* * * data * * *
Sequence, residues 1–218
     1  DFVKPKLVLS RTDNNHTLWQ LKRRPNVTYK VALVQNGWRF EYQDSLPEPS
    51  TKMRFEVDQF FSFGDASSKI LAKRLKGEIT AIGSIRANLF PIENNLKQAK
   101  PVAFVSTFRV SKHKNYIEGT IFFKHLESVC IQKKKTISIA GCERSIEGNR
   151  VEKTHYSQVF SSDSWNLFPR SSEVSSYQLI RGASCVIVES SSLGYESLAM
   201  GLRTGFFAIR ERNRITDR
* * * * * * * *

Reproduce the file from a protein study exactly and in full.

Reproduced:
Sequence, residues 1–218
     1  DFVKPKLVLS RTDNNHTLWQ LKRRPNVTYK VALVQNGWRF EYQDSLPEPS
    51  TKMRFEVDQF FSFGDASSKI LAKRLKGEIT AIGSIRANLF PIENNLKQAK
   101  PVAFVSTFRV SKHKNYIEGT IFFKHLESVC IQKKKTISIA GCERSIEGNR
   151  VEKTHYSQVF SSDSWNLFPR SSEVSSYQLI RGASCVIVES SSLGYESLAM
   201  GLRTGFFAIR ERNRITDR